8 thoughts on “One In Five College Students”

  1. This isn’t something new. We had several suicides in our dorms. This was in the early 70s in a single year. I stopped paying attention to it after I moved out after the frosh year.

  2. One of my former high school classmates killed himself during our college years (early ’80s). I hadn’t known him in either school, and only had a couple of mutual acquaintances — one of whom told me about the suicide.

    That’s literally the only college suicide story I have. Maybe I would have heard about more if I’d lived on campus or made an effort to be part of “campus life.” I was too busy trying to pass my courses.

  3. Furthermore, 20 percent of all students surveyed thought about suicide, 9 percent had attempted suicide, and nearly 20 percent injured themselves.

    What is with these studies and always coming up with 20%? I’m skeptical.

    Texas A&M has 68,000 students enrolled, which is close to the study number. 20% would be 13,600 students and then they claim 9%, which is 6,120 students attempted suicide. I’m not sure what to make up of the 20% injured themselves, because the sentence is so ambiguous that I can’t tell if it is 20% of the entire population or of the 9%. It seems odd that half as many people would have attempted suicide to those that were successful at harming themselves.

    Let’s try 20% think, 9% of those consider, 20% of the 9 cause harm. That’s 245 students harming themselves in attempted suicides. Yet I can find only 1 story of a suicide in 2017 for Texas A&M and so far this year 2018 , only 10 students have died of any cause at Texas A&M.

    According to a state of Texas survey, only 3.4% of Texans over age 18 contemplated suicide. If college is 5 times more stressful as just being alive, then I think the college system is doing it wrong. Heck, I told my children that college was their last chance to try things and fail at them with the parents willing to help bail you out. There shouldn’t be that much stress.

    1. Heck, I told my children that college was their last chance to try things and fail at them with the parents willing to help bail you out. There shouldn’t be that much stress.

      Leland, your parenting style seems to be in the minority these days.

      There seem to be plenty of parents nowadays who demand nothing but valedictorian status from their child, even while being okay with “participation trophies” (how they can live in that sort of cognitive dissonance is beyond me).

      There also seem to be plenty of parents who are so out-of-touch with their children and their childrens’ needs that the kids put that level of pressure and expectation on themselves absent any direction from their parents (again, how an otherwise “helicopter parent” can be completely oblivious to their child’s needs and their child’s perception of expectations is beyond me, but it seems to happen).

      If and when I’m blessed with children, I can only hope that I don’t make the same mistakes of which I accuse others. I also hope that any parent who loses a child to suicide due to this sort of pressure doesn’t take that upon themselves any harder than they need to.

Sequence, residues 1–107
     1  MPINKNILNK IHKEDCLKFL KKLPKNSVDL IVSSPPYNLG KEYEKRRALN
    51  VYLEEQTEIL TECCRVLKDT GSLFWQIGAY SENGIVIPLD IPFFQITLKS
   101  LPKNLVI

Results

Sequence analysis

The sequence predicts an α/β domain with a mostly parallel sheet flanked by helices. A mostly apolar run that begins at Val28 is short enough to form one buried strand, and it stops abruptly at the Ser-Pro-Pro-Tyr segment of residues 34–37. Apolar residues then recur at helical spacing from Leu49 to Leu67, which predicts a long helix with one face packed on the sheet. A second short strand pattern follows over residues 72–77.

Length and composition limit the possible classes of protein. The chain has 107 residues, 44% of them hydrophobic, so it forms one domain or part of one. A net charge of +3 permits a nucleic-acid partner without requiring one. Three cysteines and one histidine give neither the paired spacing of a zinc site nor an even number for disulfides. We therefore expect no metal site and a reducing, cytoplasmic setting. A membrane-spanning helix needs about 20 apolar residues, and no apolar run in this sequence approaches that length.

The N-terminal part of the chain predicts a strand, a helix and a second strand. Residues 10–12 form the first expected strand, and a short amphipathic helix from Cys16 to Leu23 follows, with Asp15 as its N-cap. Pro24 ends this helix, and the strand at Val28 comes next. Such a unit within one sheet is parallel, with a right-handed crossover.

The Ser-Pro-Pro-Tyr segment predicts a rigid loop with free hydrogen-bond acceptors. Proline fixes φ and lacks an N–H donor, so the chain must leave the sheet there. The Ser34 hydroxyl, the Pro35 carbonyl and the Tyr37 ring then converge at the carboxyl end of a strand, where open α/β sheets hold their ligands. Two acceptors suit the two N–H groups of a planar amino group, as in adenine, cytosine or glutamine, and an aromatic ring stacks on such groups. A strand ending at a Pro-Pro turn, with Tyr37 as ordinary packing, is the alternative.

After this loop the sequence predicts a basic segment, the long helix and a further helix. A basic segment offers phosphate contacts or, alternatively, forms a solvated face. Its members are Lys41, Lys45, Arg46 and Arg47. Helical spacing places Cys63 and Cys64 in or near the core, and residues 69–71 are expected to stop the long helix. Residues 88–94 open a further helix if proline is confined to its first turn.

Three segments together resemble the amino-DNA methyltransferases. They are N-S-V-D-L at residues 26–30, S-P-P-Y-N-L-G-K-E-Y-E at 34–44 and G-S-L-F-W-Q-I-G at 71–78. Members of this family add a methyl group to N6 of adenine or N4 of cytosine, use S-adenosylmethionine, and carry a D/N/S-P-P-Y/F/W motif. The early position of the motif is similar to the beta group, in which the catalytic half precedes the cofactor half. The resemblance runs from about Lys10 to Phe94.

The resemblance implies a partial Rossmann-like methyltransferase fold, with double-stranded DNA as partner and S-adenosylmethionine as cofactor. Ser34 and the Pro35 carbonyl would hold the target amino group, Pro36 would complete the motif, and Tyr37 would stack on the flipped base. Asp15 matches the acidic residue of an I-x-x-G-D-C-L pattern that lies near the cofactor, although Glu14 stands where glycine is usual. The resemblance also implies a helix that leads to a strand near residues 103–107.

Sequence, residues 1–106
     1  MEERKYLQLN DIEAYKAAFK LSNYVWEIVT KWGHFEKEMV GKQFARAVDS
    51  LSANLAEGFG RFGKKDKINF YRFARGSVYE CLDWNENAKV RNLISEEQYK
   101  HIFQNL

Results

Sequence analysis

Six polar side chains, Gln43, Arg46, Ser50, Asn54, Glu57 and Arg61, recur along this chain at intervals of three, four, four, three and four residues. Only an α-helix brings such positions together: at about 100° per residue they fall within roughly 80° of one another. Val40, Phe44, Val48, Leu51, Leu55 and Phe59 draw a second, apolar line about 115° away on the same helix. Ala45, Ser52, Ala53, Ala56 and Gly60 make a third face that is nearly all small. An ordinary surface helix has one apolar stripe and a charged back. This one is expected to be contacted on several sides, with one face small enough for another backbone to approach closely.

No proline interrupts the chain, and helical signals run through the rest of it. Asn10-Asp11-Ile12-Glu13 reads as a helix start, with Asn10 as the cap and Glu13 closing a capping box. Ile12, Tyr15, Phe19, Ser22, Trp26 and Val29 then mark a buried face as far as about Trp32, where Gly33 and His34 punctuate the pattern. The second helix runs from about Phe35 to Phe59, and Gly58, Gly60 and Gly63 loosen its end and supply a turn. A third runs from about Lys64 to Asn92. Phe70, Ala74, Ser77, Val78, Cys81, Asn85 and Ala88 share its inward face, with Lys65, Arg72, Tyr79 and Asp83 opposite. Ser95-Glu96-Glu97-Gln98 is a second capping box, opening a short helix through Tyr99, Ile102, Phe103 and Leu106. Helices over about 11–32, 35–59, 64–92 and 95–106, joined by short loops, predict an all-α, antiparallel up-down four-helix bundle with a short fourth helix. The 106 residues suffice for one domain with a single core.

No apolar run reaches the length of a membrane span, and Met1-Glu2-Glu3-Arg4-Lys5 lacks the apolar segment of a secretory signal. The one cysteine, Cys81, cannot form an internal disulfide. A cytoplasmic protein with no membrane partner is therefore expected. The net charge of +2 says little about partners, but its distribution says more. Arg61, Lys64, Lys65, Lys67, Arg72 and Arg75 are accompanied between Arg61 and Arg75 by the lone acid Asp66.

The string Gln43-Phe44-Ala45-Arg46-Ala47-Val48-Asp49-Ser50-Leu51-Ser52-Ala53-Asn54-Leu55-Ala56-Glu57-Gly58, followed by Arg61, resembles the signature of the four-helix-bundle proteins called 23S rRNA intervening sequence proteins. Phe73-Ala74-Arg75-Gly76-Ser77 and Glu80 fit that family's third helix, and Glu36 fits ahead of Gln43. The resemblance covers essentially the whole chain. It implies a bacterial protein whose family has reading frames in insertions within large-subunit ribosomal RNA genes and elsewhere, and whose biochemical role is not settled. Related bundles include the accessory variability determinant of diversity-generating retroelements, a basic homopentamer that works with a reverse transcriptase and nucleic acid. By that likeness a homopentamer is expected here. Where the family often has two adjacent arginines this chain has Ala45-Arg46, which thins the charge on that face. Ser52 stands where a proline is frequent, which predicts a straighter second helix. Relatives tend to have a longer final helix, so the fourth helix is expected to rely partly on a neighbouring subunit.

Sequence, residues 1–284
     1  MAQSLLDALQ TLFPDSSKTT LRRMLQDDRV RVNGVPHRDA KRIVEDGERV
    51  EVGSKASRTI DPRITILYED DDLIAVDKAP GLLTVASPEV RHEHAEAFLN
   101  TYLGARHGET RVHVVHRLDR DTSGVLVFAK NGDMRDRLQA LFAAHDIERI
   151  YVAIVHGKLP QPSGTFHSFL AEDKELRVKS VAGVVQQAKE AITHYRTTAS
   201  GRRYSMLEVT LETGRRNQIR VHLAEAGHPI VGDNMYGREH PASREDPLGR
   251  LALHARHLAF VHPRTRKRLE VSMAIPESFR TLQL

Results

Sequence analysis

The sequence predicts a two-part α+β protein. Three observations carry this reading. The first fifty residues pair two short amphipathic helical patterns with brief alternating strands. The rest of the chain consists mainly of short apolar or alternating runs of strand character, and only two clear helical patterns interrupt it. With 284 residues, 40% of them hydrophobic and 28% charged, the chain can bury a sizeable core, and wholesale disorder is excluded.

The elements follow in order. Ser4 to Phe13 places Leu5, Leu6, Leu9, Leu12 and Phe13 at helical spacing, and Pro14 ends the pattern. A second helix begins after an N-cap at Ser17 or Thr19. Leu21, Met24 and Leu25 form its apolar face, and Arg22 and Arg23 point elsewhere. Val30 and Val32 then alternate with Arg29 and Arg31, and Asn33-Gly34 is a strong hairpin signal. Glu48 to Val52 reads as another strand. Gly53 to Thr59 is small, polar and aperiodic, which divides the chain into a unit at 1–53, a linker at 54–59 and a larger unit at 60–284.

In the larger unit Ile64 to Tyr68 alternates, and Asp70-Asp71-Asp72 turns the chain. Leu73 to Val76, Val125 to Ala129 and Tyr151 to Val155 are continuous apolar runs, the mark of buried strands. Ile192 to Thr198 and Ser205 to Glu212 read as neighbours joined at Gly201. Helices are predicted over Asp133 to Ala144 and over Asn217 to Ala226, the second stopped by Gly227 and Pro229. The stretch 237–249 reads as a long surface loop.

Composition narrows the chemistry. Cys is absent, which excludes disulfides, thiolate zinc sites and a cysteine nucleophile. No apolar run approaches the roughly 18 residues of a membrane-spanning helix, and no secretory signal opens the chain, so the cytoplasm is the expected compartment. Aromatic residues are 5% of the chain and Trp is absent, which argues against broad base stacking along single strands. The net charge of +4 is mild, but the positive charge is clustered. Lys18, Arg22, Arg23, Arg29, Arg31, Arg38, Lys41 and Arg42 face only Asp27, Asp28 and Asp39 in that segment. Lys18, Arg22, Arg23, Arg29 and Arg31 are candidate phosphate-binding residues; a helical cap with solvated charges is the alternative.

1. Thanks Johnny. The interesting thing to me is that my children academically performed better in college than in grade school. They’re only stress was dealing with roommates/suite mates, which I told them was part of the college experience that prepared them for the work environment and functioning in society. The good news, they only had to deal with those people for a semester or maybe a year. Outside college, they would have to deal with such people for years on end.

  4. College is a high pressure cult-like environment that really does screw with your head. I’m not entirely being hyperbolic here.

    These institutions hold the keys to any sort of future a young person could hope for (Justifiably or not. Unless you make it into a trade, your fate is something akin to slavery without their credential.) And boy do professors/deans/bursars know it!

    In addition to their sparing and uncertain approval being one hurdle needed to get out and get a life, they also have the entire moral authority of our culture behind them. We all value education, right? Being an uneducated waste of society’s resources is the kiss of death, right? And what they demand from kids is impossible. “You’d better be the next Edison or Einstein. They’re the only people we need. Anything that has been done before is being done in China.”

    And this is if you pick a reasonable STEM major that is ‘in demand’. You can get in line at a career fair that wraps around the block to talk to a few dozen companies about a few dozen positions, and get informed that you need to apply to their ATS as your resume is thrown in the trash.

    I’d almost say that the modern college experience is an exercise in enduring a brainwashing session intended to break your spirit, foster, and prey on insecurity.

    I’m not surprised that a lot of kids in that meat-grinder are suicidal.

    1. Well, the places I went were unforgiving and somewhat high-pressure. When I see some of the people who go to the top top schools, who have to save the world before they’re washed up has-beens at 19, in between being the president of half a dozen clubs achieving records in every measure of human achievement, I may have gotten off easy.

      I don’t know about random-major at random-u.

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